NMU has now received its third certification in Leadership in Energy and Environmental Design (LEED) with the recent silver certification of Hunt Hall.
Hunt Hall has now been added onto the list of new renovated dorm halls that meet the LEED certification codes. The new certification became final in July 2010. Hunt Hall received a silver level, which falls second in a list of four possible levels: certified, silver, gold, and platinum level. Levels of certification are based off of five categories: sustainable sites, water efficiency, energy and atmosphere, materials and resources, and indoor environmental quality. Previous dorm halls to be renovated include Meyland Hall, with a certified level and Van Antwerp Hall, which also holds a silver level.
Carl Holm, the director of housing and residence life, said that achieving LEED certifications on new projects is a priority.
“One of the goals stated in the President’s Roadmap to 2015 is for NMU to be a model community for sustainable education and practices,” said Holm. “One of the priorities stated for that goal was to seek LEED certification on all capital projects.”
The Housing and Residence Life Office headed the building project, with help from the University’s Engineering and Planning Department, local architectural firm Integrated Design, local contractors Closner Constructing and Dresseler Mechanical, and S&T Electrical. The project cost the school about $8,000,000.
NMU also used more environmentally friendly construction methods during the renovations. About 180 tons of metal that were removed from the dorms was recycled and 30 percent of the materials used were shipped in from within 500 miles of campus in order to reduce the fuel required for shipping. Eighty-seven percent of the materials on the old buildings were reused to make the new buildings and 24 percent of materials were made from recycled material.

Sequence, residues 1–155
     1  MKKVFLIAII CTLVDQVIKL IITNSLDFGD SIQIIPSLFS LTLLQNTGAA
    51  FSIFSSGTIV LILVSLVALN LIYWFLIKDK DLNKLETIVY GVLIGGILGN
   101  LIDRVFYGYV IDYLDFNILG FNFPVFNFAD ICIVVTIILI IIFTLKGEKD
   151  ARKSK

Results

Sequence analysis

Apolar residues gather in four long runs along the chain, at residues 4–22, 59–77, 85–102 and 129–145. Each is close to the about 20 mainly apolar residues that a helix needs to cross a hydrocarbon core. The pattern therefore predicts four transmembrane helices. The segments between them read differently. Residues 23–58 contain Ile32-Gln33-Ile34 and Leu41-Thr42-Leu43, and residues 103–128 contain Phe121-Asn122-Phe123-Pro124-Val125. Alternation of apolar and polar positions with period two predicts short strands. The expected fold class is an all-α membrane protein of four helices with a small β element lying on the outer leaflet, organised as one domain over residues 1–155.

Some of the new features in Hunt Hall include a multi valve handle on the toilet and valves on the shower heads, both of which reduce water usage. The new toilet handles move both ways–– pushing the handle up results in only a half gallon of water being used, while pushing down results in a gallon and half.
According to Grant Langdon, the resident director of Hunt Hall, this alone reduces water usage by 38 percent compared to traditional toilets. Other elements include more windows to let in more natural light, high efficiency light fixtures that use lower wattage, and high efficiency washers.
Langdon said that being environmentally conscious is an important goal.
“I graduated from Northern with a degree in Outdoor Recreation Leadership and Management,” said Langdon. “I spent a lot of time outdoors and a lot of class time learning about ecology and what our goal is and how it effects the environment around us in things we don’t even notice.”
Some of these new changes still take time to adjust to. Martha Webster, a freshman English major living in Hunt Hall, is still adjusting to some of the new changes. She says sometimes she forgets what way to flush the toilet. Still, Webster enjoys the new changes.
“Having these updates makes me feel a lot better about they way I use energy and water in my daily life. Forcing us to be more energy and water efficient sets a good habit we can take with us after we leave a few years from now,” Webster said.